In the biopic At Eternity’s Gate, director Julian Schnabel tries to communicate Vincent van Gogh’s relationship to art and nature vividly, using both filming style and colour to sometimes startling effect.
In his time, Van Gogh was an “outsider” artist, practising his particular methods in self-exile in the small community of Arles in southern France, far away from the suffocating dictates and politics of Parisian salons. The outlines of his famous life are there – the ear, the life-long penury, the adoring brother – but fleshed out for a glimpse of the deeply troubled artist who was never happy unless painting, while also suggesting his art was both symptom and remedy to his tortured mental state.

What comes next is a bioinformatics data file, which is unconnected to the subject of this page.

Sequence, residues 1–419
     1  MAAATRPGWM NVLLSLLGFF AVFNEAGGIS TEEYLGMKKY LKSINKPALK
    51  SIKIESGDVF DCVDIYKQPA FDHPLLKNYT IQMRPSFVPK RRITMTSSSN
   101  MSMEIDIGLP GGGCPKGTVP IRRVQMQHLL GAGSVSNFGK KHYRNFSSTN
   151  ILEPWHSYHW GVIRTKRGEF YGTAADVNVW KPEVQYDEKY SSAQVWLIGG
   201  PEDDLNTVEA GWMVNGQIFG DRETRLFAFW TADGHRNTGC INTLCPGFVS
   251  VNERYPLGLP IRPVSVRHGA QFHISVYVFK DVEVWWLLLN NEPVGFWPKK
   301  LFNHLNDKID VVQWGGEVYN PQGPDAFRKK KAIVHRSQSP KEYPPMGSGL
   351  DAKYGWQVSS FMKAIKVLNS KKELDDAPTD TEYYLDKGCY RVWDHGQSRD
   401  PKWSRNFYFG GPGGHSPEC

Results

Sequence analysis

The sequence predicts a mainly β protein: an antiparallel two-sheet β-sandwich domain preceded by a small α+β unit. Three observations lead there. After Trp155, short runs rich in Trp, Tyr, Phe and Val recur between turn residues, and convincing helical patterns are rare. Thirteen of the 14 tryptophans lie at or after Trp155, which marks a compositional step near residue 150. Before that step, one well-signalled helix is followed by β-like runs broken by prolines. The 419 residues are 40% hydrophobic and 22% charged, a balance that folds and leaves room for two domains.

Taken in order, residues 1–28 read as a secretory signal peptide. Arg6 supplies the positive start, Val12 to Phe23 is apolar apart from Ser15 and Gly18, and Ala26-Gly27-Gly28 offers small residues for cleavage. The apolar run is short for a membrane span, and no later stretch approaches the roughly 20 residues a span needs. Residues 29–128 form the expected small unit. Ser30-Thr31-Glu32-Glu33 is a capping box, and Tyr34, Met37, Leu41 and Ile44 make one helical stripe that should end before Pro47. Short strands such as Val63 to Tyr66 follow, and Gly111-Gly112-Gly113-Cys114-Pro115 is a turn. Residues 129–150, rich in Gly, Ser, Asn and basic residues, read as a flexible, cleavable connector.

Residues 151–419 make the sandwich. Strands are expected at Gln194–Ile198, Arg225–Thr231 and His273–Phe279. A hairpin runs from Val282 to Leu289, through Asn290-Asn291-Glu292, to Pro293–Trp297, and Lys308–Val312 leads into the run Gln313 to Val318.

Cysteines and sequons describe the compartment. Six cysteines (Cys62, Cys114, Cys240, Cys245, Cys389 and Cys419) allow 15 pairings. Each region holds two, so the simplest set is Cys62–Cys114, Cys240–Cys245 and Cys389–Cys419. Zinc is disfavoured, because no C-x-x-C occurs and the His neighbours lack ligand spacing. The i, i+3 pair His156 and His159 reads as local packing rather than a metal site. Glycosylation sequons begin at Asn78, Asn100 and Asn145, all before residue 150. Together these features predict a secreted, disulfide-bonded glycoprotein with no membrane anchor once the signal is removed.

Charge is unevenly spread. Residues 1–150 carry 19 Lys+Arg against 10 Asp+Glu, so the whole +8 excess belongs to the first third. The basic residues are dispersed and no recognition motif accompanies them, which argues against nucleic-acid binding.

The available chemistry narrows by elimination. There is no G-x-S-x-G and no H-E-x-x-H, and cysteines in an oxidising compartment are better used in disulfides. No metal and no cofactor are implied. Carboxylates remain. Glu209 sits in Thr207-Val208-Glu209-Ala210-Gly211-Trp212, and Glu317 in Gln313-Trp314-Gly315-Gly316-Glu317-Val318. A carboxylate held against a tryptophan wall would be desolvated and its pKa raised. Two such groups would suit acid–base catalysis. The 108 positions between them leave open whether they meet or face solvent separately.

Willem Dafoe makes for a memorably haggard and haunted Van Gogh (Oscar-nominated for the role) and Mads Mikkelsen has a brief but striking role as a priest.
Despite moments of astonishing beauty and insight, the film can feel slow and repetitive. The resounding impact of the film lies in its powerful depiction of the artist and his visual perception, allowing the viewer a momentary immersion into that troubled, textured and multihued world.
Reviewed by Olga Azar